NEW YORK—The Metropolitan Opera rang in the New Year with a new production of Johann Strauss, Jr.’s popular operetta “Die Fledermaus.” Like many parties, there was plenty of fun, but the festivities went on too long. (Note: I caught the production Jan. 4.)
Jeremy Sams wrote and is directing the new English-language lyrics and playwright Douglas Carter Beane is responsible for the spoken dialogue. Their contributions have both ups and downs.
The dazzling sets and costumes are by Robert Jones, the lighting is by Jennifer Schriever, and the zippy choreography is by Stephen Mear.
The production moves the action from New Year’s Eve in Vienna in the mid-19th century to the eve of the 20th century in the same city. Apparently, the adapters like the look of the era and they certainly don’t stint on the visual elements.
The first act takes place in the bordello red drawing room of the Eisensteins with two large paintings that look like the work of Gustav Klimt. The second is an extravagant party scene. The third is set in jail and is necessarily less eye-catching than the earlier scenes.
The script reaches every which way for a joke. There are references to Barbra Streisand, Andrew Lloyd Webber, clergy abuse, and the coming horrors of the 20th century. Some are funny and others in bad taste.
There are so many allusions to current people and scandals that it might have made more sense to update the action to the present and move the setting to the United States. Also, at almost three hours (including two intermissions), the events take too long to unfold.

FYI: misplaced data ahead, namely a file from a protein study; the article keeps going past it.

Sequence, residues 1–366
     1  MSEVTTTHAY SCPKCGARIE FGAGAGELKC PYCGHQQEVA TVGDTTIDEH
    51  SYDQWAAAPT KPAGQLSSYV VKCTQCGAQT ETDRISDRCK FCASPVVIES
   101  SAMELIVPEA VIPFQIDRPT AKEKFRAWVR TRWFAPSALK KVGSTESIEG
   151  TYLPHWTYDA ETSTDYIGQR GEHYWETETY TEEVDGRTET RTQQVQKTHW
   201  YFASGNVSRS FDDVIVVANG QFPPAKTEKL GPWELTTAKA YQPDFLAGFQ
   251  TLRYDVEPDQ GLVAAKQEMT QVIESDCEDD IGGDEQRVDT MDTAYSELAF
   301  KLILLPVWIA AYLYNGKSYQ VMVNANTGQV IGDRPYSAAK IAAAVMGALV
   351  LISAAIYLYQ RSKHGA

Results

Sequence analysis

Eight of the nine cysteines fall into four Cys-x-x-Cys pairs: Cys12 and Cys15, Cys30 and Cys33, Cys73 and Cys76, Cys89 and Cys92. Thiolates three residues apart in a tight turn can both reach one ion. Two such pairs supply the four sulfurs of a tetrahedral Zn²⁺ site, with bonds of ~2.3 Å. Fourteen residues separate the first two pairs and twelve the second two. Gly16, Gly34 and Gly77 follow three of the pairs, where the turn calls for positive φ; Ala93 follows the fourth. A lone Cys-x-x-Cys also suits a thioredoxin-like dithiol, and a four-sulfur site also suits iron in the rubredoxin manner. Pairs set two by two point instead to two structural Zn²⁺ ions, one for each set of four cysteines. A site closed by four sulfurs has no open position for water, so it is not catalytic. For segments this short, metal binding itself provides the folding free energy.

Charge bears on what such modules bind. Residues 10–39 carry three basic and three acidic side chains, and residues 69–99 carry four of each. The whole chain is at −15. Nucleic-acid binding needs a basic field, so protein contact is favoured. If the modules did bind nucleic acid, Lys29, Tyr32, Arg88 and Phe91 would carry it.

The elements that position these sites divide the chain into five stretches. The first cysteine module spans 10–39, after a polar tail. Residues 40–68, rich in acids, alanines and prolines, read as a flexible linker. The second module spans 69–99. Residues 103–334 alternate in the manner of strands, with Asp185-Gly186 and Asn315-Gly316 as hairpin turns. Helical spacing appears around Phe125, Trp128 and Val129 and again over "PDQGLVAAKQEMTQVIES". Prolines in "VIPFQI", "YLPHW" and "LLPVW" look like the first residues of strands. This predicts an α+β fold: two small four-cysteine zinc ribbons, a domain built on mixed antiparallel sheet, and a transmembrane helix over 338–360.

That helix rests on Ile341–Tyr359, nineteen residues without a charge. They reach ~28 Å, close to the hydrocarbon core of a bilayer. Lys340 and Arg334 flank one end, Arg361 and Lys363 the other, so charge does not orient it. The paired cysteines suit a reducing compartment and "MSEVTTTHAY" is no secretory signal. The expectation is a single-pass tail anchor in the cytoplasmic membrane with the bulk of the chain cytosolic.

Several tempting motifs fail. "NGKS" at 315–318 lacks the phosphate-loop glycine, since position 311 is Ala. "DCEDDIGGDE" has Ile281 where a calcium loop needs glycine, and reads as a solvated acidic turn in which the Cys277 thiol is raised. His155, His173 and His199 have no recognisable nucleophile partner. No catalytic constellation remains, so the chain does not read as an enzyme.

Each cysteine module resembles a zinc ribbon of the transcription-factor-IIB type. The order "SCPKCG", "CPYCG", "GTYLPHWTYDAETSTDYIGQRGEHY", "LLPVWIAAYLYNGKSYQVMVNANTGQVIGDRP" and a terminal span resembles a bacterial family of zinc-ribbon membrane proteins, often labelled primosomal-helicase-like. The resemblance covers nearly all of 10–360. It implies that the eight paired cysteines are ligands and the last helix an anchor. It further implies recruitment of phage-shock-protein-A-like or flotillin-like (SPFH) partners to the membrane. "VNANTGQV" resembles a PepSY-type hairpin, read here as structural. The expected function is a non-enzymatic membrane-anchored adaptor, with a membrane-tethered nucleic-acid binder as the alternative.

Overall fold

The convoluted plot begins with the wealthy couple Gabriel and Rosalinde von Eisenstein (Christopher Maltman and Susanna Phillips) in their extravagant apartment. Gabriel is about to go to jail for a fight with a policeman; his wife Rosalinde is being romanced by her former lover Alfred, an opera tenor (played by Michael Fabiano).
Meanwhile the von Eisenstein’s chambermaid Adele (Jane Archibald), wants to sneak out to a New Year’s Eve party at the home of Russian Prince Orlofsky (Anthony Roth Costanzo) to which she has been invited by her actress sister Ida (Betsy Wolfe).
When the prison warden Frank appears to arrest Gabriel, Alfred goes in his place. This is all part of a plot engineered by the Eisenstein’s ostensible friend Dr. Falke (Paulo Szot) to get revenge for an embarrassing incident which led to his becoming known as “die Fledermaus”: the bat.
All of them turn up at the same party and take on assumed identities with a mélange of accents. Apparently every European country has an accent except for Austria. The amoral Gabriel (pretending to be a Frenchman) unwittingly romances his own wife, thinking she is a Hungarian countess.
Prince Orlofsky is usually played as a trouser role by a mezzo-soprano but here he is played by a countertenor with effeminate mannerisms.
The third act takes place in jail, where Frosch the jailer (played by the engaging Danny Burstein) delivers a long monologue with allusions to the Marx Brothers and Bert Lahr, among others. (Burstein doesn’t sing here since his voice is not operatic, but he appeared with Szot in the Lincoln Center production of “South Pacific.”) Anyway, the false identities are finally revealed and the von Eisensteins reconcile.
Sometimes the script sounds like outtakes of the vaudeville routines from “The Nance.” On the whole, Beane’s work on “Rodgers and Hammerstein’s Cinderella” struck me as more successful.
Strauss’s music is especially well served by the cast. Szot is a highly animated Falke and his singing voice is sumptuous. Archibald and Phillips are also standouts, both vocally and in their comic performances.
Costanzo sings with style but a mezzo is better suited to the part. Compare Agnes Baltsa on YouTube.
Fabiano’s singing was especially impressive and the excerpts he performed from Italian operas (including part of “Una Furtiva Lagrima”) make me want to catch him in a major tenor role.
Conductor Adam Fischer led a spirited performance. Indeed, sometimes he seemed to be dancing in the pit.
“Die Fledermaus” runs through Feb. 22 at the Metropolitan Opera House, Lincoln Center; 212-362-6000, metoperafamily.org.